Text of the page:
In other words, he was saying that if you do not care for the poor it is the same as not caring for Jesus himself. How do believers expect to talk their way into heaven if they do not fight for health care for all?

So now, it's appropriate to use the Bible to shape public policy? "Talk their way into heaven?" Hmmm. So, I am I to believe that since America has never had or supported en masse a universal health-care system, that no American has ever crossed through the pearly gates? Hmmm. And what about the the "in-prison" part of that passage. Are we in danger of hell because we don't have a government run and sponsored prison visitation program? I think it's a decent question…and it's similar to those I've raised in the past whenever the subject of the intersection of government and faith has come up.

My frustration here isn't with bad exegesis by Al Gore. Nor am I being critical of those who support universal health-care reform. I being critical of theologians–for hypocrisy. I'm frustrated with those who cautioned the church about it's relationship with Empire so well until eight months ago who have now gone MIA. Actually, they haven't gone MIA. They've just changed sides.

In mid-August, President Obama spoke to "liberal" (Reuters news' language) religious groups by phone. “The call was sponsored by 40 Days for Health Reform, an umbrella group whose Web site says is led by PICO National Network, Sojourners, Catholics in Alliance for the Common Good, Faith in Public Life and Faithful America,” according to The New York Times. Since then, a lot of those groups have publicly endorsed President Obama's plan. Many of these were the same groups that decried what they saw as the co-opting of Christianity by the Bush White House…and ridiculed religious groups for their support of anti-stem-cell legislation and marriage amendments. The church had been co-opted by Empire, and Empire by the church, we were told. But now, what?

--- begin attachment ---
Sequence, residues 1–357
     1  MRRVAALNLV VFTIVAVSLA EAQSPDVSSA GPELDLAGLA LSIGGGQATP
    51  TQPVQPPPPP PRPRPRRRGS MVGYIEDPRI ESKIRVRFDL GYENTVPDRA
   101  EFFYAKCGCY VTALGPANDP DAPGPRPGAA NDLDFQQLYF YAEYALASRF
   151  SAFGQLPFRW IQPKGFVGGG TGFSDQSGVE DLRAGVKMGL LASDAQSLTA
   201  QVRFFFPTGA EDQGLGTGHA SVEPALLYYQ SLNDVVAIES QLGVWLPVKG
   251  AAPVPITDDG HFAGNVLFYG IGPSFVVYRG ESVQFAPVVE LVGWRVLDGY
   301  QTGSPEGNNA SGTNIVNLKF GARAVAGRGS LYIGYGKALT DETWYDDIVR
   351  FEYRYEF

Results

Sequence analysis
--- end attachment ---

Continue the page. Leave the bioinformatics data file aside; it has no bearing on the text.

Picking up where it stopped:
Which is it?

While I personally embrace a strong separation of church and state, I do believe Christians have a moral obligation to support or not support certain things. So, understand here that my point here has nothing to do with views on the health-care debate, environmental issues, etc.. The question I'm asking is, "Does theology have integrity today?" Specifically, is it ethically consistent? Or, do we only practice situational theology? 

To some extent, I believe ethics must be situational (as in Jesus' teachings on Sabbath observance). However, theology is different. Theology is what we believe about God.That shouldn't move as quickly. When I see such rapid change in position and behavior among some of today's leading theologians and academics, I feel an obligation to ask, "Is our theology only good until the next election or bill hits the Senate floor?"

If church and empire need to stay separate for the reasons described in the literature/conference boom of the 2000's (because of who God is and what He has commanded of the church), then it seems to me that applies no matter what bill goes to the Senate floor, or who is in the White House.

Caveat: I've tried to address the issue in blog-length form. This post can't address all the questions raised by the claims I make. I leave that to the discussion. Also, some of the theologians of whom I speak are among my favorites. Hence, my disappointment.

 

Dr. Tim Spivey is Lead Planter of New Vintage Church in San Diego, California. He is the author of numerous articles and one book, "Jesus: The Powerful Servant." A sought after speaker for events, Tim also serves as Adjunct Professor of Religion at Pepperdine University. Tim serves as a church consultant, and his writings are featured on ChurchLeaders.com, Church Executive magazine, Faith Village, Sermon Central, and Giving Rocket.

Please note: I reserve the right to delete comments that are offensive or off-topic.